Contradictory evidence has been put forward by Momtaz (2019b), who argues that one of the reasons why signals are difficult to assess for ICOs is due to moral hazard. The latter significantly influences and disrupts the validity of signals. In the context of ICOs as a new type of crowdfunding in the digital economy, a lack of institutional capacity to verify the validity of market signals, and subsequent general lack of ability to “punish” those that are partial or inaccurate, serves to incentivize ventures to bias their signals. Such behavior without adequate regulation and oversight in place partially explains the large amount of exit scams and fraudulent behaviors of ICOs from 2016-2019.
To summarize, the informational asymmetry present in most ICOs has rendered difficult the formal study of precisely which factors determine a successful fund-raising campaign. Hence, when considering the possibility of entering the digital economy through investment in cryptocurrency “tokens”, a thorough and diligent analysis of each start-up project, and of the surrounding circumstances are still an essential aspect if one wants to invest successfully.
IV. LKD Token
The founder of LakeDiamond, Gallo, decided to follow an ICO model as a means of raising capital. However, LakeDiamond tokens did not offer any proprietary rights to the synthetic diamonds themselves for potential token owners. The ICO instead allowed investors to purchase minutes of synthetic diamond production in the form of tokens called LKD.
LakeDiamond thus divided its business operation into two phases: the diamond growth stage and the diamond polishing stage. The investment in minutes of diamond production was therefore tokenized by the start-up under the growth stage. Owners of LKD tokens thus were able to partake in the growth aspect of synthetic diamond production through purchase of tokens in the ICO, and later, on an exchange. The start-up, on the other hand, shouldered costs and revenues related to polishing and auxiliary work on the diamonds. Through this original method of pre-selling minutes to produce synthetic diamonds, the start-up expected to raise capital quickly without ceding ownership.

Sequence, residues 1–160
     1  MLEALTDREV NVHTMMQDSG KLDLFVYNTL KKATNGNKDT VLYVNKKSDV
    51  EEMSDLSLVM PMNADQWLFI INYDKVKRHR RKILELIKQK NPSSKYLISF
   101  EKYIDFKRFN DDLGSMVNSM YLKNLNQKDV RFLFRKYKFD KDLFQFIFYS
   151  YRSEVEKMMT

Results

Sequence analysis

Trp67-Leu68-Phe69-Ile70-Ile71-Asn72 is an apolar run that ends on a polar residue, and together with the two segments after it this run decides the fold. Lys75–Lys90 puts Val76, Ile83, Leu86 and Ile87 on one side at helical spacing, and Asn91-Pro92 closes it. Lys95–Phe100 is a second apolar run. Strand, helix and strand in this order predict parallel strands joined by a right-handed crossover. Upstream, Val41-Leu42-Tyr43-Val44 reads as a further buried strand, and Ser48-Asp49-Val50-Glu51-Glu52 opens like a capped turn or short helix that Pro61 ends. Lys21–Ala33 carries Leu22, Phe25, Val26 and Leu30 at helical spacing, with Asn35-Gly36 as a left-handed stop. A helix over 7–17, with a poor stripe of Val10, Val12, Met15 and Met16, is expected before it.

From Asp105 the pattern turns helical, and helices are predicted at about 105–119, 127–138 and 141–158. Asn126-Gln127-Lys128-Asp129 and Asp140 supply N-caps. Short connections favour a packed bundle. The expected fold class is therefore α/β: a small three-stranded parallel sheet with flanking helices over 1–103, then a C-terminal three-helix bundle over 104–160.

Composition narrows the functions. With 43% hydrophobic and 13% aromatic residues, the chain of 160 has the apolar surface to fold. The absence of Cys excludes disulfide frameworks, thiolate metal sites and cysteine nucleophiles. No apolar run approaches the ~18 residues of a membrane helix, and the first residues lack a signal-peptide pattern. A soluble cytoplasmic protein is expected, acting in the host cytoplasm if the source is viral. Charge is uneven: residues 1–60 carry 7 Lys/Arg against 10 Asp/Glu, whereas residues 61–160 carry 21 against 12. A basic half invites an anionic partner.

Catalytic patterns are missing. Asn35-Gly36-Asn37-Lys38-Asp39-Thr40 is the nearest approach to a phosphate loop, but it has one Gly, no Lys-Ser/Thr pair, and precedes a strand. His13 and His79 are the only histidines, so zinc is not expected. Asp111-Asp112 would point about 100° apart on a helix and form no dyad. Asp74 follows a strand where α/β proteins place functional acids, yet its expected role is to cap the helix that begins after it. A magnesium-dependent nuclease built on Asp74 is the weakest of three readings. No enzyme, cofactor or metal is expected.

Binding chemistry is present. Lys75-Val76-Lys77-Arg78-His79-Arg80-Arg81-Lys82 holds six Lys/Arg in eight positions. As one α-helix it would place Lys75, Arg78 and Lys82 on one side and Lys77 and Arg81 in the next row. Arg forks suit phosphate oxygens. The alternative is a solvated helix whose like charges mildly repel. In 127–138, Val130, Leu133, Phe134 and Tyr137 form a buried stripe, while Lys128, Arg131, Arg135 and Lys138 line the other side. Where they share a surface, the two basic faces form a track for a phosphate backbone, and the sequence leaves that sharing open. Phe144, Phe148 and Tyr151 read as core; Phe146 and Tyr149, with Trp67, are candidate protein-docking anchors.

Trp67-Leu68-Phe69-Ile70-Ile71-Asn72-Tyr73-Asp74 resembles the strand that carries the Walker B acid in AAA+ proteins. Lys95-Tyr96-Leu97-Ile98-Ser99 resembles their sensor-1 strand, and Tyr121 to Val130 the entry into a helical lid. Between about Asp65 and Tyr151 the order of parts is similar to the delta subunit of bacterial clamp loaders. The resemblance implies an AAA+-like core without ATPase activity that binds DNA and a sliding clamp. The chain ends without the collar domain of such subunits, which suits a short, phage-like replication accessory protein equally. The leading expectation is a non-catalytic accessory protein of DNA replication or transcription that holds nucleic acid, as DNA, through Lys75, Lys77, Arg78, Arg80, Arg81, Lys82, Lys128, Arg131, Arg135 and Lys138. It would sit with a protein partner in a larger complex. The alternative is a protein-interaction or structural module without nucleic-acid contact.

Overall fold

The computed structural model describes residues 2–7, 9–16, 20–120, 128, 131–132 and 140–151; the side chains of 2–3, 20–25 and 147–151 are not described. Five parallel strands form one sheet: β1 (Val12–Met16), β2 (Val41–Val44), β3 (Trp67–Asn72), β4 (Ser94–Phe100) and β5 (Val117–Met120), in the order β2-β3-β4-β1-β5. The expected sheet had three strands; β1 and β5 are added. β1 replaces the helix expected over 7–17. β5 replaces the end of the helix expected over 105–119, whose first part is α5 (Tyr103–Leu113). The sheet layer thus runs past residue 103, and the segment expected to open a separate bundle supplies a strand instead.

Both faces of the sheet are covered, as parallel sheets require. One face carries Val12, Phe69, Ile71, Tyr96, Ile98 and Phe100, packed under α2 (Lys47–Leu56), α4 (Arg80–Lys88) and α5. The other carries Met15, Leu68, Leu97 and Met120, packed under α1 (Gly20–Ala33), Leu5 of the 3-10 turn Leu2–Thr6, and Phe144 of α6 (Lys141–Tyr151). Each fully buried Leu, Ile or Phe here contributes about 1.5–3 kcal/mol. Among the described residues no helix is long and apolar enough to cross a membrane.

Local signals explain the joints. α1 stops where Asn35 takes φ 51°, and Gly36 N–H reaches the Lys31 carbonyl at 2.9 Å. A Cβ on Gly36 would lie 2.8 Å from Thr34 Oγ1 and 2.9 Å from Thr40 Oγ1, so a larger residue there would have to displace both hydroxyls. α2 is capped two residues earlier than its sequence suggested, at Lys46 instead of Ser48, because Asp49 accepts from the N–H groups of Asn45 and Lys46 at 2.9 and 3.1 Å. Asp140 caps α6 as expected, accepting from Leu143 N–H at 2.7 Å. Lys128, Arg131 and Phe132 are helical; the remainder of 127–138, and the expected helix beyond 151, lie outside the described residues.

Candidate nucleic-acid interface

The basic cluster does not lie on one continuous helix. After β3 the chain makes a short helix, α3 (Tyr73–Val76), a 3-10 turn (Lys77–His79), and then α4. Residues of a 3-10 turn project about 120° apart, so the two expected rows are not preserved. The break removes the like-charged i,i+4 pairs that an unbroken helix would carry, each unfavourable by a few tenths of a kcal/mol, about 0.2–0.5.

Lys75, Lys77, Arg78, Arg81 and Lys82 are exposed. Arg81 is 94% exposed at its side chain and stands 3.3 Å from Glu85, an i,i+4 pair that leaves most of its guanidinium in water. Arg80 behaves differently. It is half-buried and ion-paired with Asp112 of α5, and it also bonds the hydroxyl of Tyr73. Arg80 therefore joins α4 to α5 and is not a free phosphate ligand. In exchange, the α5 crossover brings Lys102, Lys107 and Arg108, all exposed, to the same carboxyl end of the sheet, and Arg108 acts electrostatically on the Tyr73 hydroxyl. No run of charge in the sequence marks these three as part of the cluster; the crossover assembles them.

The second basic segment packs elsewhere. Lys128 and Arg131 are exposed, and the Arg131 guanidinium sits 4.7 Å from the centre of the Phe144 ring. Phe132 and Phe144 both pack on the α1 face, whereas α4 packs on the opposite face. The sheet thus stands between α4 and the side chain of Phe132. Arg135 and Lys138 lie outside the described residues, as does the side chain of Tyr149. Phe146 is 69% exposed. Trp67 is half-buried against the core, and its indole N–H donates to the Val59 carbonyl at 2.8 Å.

The LKD tokens proposed by LakeDiamond were not registered as “asset” tokens under Swiss legislation. Instead, they fell under the category of “payment” tokens, meaning that they could not be advertised as an investment vehicle to potential future “investors”, although the white paper and public presentations clearly alluded to potential profits. To summarize, the Swiss regulator (FINMA) currently classifies tokens under four different categories: utility, payment, asset, and hybrid. Each category of token falls under different legislation and taxation rules. The owners of LKD tokens could either have purchased diamonds for themselves, transferred the LKD they bought in the ICO using a smart contract, and benefited by this directly through the company’s diamond sales, or later sold the LKD tokens on a secondary market. FINMA did not deem relevant the potential investment opportunities of the model and acknowledged mainly the payment characteristic. In other words, LKD tokens had to be treated both as value storage and as payment asset, since they could be traded for fiat or Ethereum currencies.
LakeDiamond developed a framework using blockchain technology to make sure that tokenization of the minutes of production was a transparent and secure procedure. The transaction process worked as follows: an initial order was made from an industrial client, for which a smart contract was created. The smart contract order was then attached with a corresponding Ether value. The owners of LKD tokens could then bid against each other using a smart contract, where the lowest bids gained precedence in the order of selling priority. Note that LKD owners had to enter their bids onto the platform beforehand, that is, ahead of the auction. Meanwhile, LakeDiamond started producing the diamonds and through a distributed ledger, offered proof of production to future minute owners. After the diamonds were delivered to industrial clients, the value of the diamonds was converted into Ether and attached to the specific smart contract. The most beneficial bids for LakeDiamond were selected to fulfill the order. The lowest bidding chosen token owners, finally got Ether in exchange for their LKD tokens.